The aim of PROGRESA is to provide support for families living in conditions of extreme poverty in small communities in rural Mexico in order to broaden their opportunities and capabilities to attain higher levels of well-being. The Program carries out actions conducive to raising their living standards by improving opportunities for education, health and food. Good evaluation of a program such as PROGRESA requires a systematical approach that integrates closely underlying models of the behaviors of those to whom the project is directed, data on those behaviors, and estimation of program effects based on those models and on those data. PROGRESA recognized the importance of collecting good data as part of the evaluation and therefore undertook a baseline survey in March 1998 (ENCEL98M) that is to be followed up with subsequent surveys at approximately half-year intervals. This research report focuses solely on the question of the sample sizes and how they relate to alternative ways of phasing in the current evaluation control households/localities into treatment. The evaluation sample in ENCEL98M is composed of the 24,077 households that are divided as indicated in Table 1. For certain questions of interest in the evaluation of PROGRESA, however, the household is not the relevant unit. For example for evaluation of some of the educational aspects of the program, what is relevant may be teenage girls in “poor” households. This Research Report considers these sample size questions. Section 2 summarizes the general considerations regarding sample size, treatment effect sizes, significance level, power, and relative size of treatment and control samples. Section 3 gives information on the sample sizes that currently are available in the evaluation sample for questions concerning a number of central aspects of PROGRESA. Section 4 gives the required sample sizes under alternative assumptionsfor a number of selected variables from ENCEL98M that are likely to be central in the evaluation of PROGRESA. Section 5 concludes.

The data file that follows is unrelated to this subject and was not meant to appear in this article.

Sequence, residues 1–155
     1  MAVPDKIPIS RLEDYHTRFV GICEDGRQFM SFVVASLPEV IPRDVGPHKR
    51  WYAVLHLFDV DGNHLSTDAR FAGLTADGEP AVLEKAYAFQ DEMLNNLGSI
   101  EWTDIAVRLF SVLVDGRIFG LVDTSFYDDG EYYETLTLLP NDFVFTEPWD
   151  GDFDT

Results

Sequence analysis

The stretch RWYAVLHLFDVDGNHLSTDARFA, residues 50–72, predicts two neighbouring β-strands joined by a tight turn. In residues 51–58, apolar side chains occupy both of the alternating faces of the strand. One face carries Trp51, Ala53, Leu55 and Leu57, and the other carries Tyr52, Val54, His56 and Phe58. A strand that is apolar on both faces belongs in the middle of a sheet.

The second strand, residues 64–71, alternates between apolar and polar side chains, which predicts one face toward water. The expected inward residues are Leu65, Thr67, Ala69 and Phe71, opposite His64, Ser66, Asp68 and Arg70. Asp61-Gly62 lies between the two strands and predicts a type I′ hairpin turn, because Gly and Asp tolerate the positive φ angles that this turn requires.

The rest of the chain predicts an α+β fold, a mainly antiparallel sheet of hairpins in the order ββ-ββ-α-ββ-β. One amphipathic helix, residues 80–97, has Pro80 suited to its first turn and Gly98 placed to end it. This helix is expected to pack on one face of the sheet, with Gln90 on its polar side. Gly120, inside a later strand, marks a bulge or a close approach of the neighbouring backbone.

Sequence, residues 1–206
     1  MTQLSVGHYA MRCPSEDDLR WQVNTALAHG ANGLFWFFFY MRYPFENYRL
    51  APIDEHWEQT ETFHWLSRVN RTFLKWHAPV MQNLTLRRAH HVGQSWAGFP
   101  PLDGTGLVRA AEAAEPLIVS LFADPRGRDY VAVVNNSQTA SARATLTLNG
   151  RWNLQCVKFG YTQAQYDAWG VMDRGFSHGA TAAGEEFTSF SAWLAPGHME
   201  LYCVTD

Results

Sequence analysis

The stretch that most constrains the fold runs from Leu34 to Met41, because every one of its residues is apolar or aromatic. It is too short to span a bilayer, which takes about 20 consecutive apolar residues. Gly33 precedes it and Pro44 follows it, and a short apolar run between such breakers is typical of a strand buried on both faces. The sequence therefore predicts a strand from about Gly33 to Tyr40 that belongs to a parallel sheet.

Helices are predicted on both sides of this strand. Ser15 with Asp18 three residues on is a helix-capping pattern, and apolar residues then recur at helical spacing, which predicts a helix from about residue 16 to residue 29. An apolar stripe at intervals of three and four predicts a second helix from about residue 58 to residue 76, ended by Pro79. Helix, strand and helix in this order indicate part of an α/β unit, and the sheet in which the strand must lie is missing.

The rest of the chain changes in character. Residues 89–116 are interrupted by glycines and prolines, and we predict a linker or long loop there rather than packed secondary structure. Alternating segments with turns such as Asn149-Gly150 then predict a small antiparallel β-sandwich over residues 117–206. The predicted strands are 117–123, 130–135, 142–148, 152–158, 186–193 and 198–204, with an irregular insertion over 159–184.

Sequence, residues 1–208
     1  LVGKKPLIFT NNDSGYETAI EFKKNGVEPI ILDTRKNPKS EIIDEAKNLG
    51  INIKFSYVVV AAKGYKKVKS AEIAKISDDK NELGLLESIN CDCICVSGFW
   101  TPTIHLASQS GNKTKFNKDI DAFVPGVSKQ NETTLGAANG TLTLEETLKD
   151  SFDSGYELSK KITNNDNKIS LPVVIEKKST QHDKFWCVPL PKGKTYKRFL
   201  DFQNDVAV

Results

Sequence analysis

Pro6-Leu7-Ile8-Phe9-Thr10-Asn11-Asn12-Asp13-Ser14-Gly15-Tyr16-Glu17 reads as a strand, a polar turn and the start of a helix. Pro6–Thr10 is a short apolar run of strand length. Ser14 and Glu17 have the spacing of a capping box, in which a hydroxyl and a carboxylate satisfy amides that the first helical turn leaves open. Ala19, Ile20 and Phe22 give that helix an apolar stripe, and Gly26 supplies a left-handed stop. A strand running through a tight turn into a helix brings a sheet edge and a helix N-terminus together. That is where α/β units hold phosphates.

International Food Policy Research Institute (IFPRI)